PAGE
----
The race was a thrill, certainly worth seeing again, and Red Bull certainly knows how to entertain journalists and spectators alike, but in any case thumbs up for the race.

Comments

  • What can I say, I wasn’t on mozilla firefox. I have no instant spell checker.

    I can reassure people that I can spell reading.

    By chairman on 12.8.2023

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  • And yes, before you ask, I did spell “illiteracy” wrong on purpose 😉

    By Nick Gill on 11.8.2023

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  • Charlie did you spell reading with two e’s on purpose? A cheeky attempt to show inQuire’s illteracy perhaps or your lack of proof-reading? Standards my dear!

    By Nick Gill on 11.8.2023

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  • further to your request for more, this is probably a column you’d enjoy, it’s called ‘tales from the other side of the pond’

    http://www.inquirelive.co.uk/node/625

    http://www.inquirelive.co.uk/node/668

    http://www.inquirelive.co.uk/node/720

    By chairman on 11.8.2023

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  • Aha, finally, someone’s been reeding Tom Wolfe!

    However Mr Hartley, As the chairperson of inQuire, I find you suggestion that the editor reads Hunter S Thompson slightley patronizing.

    Personally I have read The Rum Diaries, Fear and Loathing in Las Vegas, and two volumes of his Letters. So naturally I do salute this article, and would love to see more of this writing style in both our newspaper and on the website.

    However, Tom, I’m afraid we are dealing with a student body that is actually, by and large, ‘generic, objective and (small c) conservative’ so we are simply trying to make the best of finite resources.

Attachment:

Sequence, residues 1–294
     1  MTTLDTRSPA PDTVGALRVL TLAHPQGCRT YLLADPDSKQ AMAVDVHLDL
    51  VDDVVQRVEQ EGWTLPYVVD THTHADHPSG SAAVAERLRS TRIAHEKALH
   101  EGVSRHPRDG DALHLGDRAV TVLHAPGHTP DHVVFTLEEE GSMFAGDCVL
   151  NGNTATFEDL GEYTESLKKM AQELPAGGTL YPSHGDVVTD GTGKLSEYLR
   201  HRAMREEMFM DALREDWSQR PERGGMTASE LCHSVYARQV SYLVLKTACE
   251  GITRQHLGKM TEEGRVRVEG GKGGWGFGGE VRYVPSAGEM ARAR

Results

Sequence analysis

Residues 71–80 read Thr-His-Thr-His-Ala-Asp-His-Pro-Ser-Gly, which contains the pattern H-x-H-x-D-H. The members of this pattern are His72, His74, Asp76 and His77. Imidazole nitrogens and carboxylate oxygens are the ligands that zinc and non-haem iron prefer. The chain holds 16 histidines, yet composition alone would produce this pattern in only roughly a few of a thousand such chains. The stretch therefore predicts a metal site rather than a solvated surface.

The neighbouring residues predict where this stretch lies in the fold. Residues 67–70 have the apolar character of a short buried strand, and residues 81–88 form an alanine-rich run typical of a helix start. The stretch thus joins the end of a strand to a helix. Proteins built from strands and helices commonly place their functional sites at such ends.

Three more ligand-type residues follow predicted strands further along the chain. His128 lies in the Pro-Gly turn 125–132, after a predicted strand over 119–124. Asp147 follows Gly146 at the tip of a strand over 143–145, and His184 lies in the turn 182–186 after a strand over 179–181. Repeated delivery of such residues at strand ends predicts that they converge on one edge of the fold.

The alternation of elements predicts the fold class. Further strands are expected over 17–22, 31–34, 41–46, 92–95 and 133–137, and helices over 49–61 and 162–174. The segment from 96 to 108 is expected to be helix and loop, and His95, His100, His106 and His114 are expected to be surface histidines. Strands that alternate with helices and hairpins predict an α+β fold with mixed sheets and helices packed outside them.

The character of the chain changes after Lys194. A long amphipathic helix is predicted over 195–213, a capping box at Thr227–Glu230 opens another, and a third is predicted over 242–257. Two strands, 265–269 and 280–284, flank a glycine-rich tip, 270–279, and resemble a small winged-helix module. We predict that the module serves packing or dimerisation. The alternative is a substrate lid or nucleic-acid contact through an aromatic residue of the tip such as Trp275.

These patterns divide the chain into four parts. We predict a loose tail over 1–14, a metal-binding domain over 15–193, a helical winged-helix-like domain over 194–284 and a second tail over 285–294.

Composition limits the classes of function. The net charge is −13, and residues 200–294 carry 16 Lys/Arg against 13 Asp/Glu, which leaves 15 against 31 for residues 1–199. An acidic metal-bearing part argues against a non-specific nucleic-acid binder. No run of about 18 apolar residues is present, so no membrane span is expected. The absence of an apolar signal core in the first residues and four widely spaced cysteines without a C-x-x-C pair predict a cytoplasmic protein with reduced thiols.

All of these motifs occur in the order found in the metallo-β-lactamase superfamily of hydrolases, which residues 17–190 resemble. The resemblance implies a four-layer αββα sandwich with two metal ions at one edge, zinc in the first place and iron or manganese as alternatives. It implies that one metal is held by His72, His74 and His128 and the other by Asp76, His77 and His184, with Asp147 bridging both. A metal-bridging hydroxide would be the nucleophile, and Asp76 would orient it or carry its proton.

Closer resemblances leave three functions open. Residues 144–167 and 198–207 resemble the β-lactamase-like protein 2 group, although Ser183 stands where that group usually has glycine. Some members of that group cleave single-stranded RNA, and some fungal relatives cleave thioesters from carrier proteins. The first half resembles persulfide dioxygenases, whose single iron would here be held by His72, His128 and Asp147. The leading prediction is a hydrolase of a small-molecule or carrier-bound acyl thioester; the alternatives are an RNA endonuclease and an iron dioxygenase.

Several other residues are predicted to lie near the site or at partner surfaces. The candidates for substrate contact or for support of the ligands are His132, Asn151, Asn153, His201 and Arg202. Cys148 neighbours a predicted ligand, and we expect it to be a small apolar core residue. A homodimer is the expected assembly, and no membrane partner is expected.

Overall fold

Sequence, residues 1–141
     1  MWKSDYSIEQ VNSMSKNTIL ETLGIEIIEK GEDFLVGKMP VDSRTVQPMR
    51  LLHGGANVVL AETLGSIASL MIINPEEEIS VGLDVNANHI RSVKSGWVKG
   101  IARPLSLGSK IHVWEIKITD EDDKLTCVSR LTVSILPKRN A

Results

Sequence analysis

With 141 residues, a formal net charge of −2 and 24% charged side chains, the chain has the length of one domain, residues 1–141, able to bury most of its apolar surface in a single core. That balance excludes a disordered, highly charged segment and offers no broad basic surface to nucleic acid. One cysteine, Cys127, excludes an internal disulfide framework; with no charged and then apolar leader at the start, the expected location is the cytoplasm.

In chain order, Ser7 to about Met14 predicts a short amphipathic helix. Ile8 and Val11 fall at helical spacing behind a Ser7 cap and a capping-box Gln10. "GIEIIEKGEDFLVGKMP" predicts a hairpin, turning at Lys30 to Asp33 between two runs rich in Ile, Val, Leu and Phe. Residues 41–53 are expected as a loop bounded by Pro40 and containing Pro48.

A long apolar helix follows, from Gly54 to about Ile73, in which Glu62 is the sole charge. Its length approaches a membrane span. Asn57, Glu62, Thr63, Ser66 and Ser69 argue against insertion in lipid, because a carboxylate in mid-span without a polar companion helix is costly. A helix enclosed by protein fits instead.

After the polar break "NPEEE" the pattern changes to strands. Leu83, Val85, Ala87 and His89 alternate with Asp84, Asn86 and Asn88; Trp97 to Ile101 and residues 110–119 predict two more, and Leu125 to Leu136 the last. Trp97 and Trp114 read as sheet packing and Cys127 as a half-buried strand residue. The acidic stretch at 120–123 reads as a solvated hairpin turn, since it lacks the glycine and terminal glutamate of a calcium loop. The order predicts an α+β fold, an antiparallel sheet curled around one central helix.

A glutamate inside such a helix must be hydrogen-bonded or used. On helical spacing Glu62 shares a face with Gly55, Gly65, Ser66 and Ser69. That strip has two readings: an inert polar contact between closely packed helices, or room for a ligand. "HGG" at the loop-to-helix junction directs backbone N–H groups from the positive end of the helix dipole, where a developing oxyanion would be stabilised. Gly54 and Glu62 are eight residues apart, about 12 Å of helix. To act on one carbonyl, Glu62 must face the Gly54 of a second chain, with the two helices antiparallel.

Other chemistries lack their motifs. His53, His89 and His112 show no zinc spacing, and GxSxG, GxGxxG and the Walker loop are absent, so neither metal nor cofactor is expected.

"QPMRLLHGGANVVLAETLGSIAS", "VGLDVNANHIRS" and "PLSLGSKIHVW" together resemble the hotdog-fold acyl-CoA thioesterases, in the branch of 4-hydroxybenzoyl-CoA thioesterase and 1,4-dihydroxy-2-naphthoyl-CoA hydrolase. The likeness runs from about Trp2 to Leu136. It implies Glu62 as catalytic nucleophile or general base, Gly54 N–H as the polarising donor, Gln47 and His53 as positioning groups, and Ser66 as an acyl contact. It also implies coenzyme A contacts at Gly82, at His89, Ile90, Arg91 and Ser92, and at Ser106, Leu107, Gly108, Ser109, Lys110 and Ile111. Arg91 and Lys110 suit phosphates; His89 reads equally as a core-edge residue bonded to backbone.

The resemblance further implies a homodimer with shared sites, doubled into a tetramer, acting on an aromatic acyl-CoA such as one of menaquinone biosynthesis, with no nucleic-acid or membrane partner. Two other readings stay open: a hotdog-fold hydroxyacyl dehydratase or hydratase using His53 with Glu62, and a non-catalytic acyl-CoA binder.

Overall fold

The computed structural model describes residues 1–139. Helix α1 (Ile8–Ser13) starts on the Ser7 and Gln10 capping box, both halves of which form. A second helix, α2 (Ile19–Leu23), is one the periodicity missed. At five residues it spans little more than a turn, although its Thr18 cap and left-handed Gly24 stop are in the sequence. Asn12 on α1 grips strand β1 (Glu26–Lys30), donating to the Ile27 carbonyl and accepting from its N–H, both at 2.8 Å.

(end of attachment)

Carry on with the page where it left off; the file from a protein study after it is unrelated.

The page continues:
By Charlie Baylis on 11.8.2023

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  • Well i would like to say that this article is ascerbic, energetic and vigorous. As a regular reader of Inquire, it would be intersting to see more of this type of excellent gonzo-esq journalism. The University of Kent is certainly not a place where students are conservative. Demographically and statiscally speaking, students tend to be more centre-left, and Inquire’s journalism should represent the university as a student body, not printing or publishing the generic, objective and (small c) conservative reporting that dominates so much of writing in university newspapers nationally.

    My one critique of the article would be that it doesn’t neccessarily dwell on the race as a coherrent event or comprehensively, but in the context of the review, I think that its subjectivity gives it an expressive, poetic and informative feel. It is certainly journalism that is worth displaying, and I suggest, editor, that you read the Works of Hunter S Thompson. More please…

    By Tom Hartley on 7.8.2023